Seems like a good argument in support of white collar corruption being more receptive to punitive deterrence, but you couldn't say for sure until more white collar criminals are executed and we have a more comprehensive data set. So, uh, death to corrupt officials in the name of rigorous social science I guess...

    SarfBank, Lunnin' • Since Nov 2006 • 154 posts Report Reply

  • mark taslov,

    Is there any evidence that a death penalty is more effective at deterring economic crimes than it is at deterring violent crimes (ie, not much at all?).

    Don't think they've managed to do that deterred from crime survey yet...

    I don't know, Kyle,isn't it really a question of would a potential death sentence deter you?

    Te Ika-a-Māui • Since Mar 2008 • 2281 posts Report Reply

  • Kyle Matthews,

    Don't think they've managed to do that deterred from crime survey yet...

    There's lots of evidence that potential penalties have a limited effect in preventing people from committing crime. Try google.

    Since Nov 2006 • 6243 posts Report Reply

  • mark taslov,

    I'd favor the term speculation over evidence there Kylle.

    Te Ika-a-Māui • Since Mar 2008 • 2281 posts Report Reply

  • Keith Ng,

    When has Keith Locke ever gotten the right end of the stick?

    Hmm yes, I've been most suspicious of the man ever since I caught him at Bellamy's eating sushi with a fork *and* a knife.

    Most suspicious.

    Auckland • Since Nov 2006 • 543 posts Report Reply

  • richard thomson,

    Um, okay, so in China there were economic criminals killing small children by lacing their milk with melamine *despite* the threat of the death penalty. In New Zealand (for argument's sake) such people would be allowed to live, yet oddly our milk appears to be sound.
    Or am I living in a fool's paradise allowing my children access to dairy products?

    owhiro bay • Since Mar 2008 • 9 posts Report Reply

  • mark taslov,

    You're living in a nation with a huge public safety/ social order advertising budget php. Your favorite TV shows are interrupted to remind you of the various social problems surrounding you. The only oversight could be the assumption that the Chinese are similarly well informed as to the intricacies of the legal system, that general familiarity with the repercussions of various crimes. Essentially comparing developing countries with developed countries is akin to the contrast of grapes with wine. Best not to forget that less than 15 years ago, there was a country where the government had a paid advertizing campaign requesting good honest kiwis to rat on your neighbour.

    Te Ika-a-Māui • Since Mar 2008 • 2281 posts Report Reply

  • mark taslov,

    Also national religious tradition and belief would have a large influence on the possible deterrence of the death penalty. It's a case of what does death actually entail. hell or reincarnation?

    Te Ika-a-Māui • Since Mar 2008 • 2281 posts Report Reply

  • Webster Yin,

    The ironic thing about Locke's statement is, whether the death penalty is an effective deterrent or not, this is the Chinese government acting with the full support of the people. If anything, a democratic Chinese government would be even less likely to spare the death penalty.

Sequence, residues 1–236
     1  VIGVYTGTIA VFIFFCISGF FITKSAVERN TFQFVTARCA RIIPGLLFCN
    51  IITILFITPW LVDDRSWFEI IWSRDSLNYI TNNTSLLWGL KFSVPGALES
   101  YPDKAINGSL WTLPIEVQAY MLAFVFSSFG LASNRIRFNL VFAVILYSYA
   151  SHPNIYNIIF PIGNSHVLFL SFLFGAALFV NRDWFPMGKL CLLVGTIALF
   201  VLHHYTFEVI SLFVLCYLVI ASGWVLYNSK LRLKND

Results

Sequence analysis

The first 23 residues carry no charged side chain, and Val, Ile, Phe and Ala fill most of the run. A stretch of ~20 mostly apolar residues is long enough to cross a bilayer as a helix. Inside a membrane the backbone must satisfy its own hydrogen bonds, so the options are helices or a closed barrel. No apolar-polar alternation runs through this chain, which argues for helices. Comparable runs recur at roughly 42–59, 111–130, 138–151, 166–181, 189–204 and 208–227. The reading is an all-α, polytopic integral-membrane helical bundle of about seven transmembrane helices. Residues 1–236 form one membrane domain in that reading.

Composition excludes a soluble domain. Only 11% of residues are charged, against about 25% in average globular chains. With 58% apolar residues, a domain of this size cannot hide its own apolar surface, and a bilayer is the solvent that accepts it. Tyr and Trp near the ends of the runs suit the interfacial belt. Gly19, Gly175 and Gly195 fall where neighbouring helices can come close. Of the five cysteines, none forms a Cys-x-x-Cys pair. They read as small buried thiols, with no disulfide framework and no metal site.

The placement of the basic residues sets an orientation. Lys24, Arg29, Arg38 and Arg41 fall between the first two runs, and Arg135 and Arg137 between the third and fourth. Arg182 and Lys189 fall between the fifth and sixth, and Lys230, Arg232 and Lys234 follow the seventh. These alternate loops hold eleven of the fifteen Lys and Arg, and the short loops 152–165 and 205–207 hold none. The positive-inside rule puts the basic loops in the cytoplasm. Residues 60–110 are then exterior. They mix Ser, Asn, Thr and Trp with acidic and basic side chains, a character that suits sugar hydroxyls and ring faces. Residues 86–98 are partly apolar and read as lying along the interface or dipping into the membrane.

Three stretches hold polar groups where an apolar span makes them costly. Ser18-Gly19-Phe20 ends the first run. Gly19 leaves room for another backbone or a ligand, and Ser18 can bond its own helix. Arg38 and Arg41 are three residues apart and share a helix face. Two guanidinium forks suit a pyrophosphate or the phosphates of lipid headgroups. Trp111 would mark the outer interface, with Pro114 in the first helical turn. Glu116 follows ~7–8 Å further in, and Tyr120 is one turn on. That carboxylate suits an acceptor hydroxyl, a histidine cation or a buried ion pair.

Maybe that is exactly the problem of the legal system/criminal justice in China (or is it also the truth in a democratic state?). A punishment is imposed not on the basis of how many lives an offense claims but on the reaction of the masses. When the case was first exposed by the media, an entailing harsh punishment could be foretold by those who live in China or who are familiar with China since this seems to be the best, if not the only, way to channel the anger of the enraged people in China.

    The media, thus, have played an interesting role. It was the media that brought the case into daylight and I couldn't imagine how brave those reporters were to do such a thing at the risk of losing their job (maybe more) in China. However, the subsequent overwhelming coverage has pushed the government into corner. There seems to be only one choice - death penalty - left for the government if they want to take control and justify their ruling. Had it not been for the media coverage, death penalty or life sentence would not have been the punishment. "media violence" ? - should we call it?
    double-edged weapon

    Since Feb 2009 • 1 posts Report Reply

  • Sam F,

    That's a really thoughtful post there, Webster - thanks. It's a bit early in the morning for me to comment cogently but I'll try later on. Certainly it wasn't hard to predict that heads would literally roll when the scandal broke internationally.

    Auckland • Since Nov 2006 • 1609 posts Report Reply

  • Joe Wylie,

    A punishment is imposed not on the basis of how many lives an offense claims but on the reaction of the masses . . . the best, if not the only, way to channel the anger of the enraged people in China.

    Interesting post Webster, thanks. Seems to be an example of political human sacrifice. The only other modern form that readily comes to mind is invoking the memory of the glorious war dead for political purposes. As the Australian poet Les Murray once noted, even a crappy old idea like Britannia can start to look pretty good if you pile up enough dead bodies around it.

    flat earth • Since Jan 2007 • 4593 posts Report Reply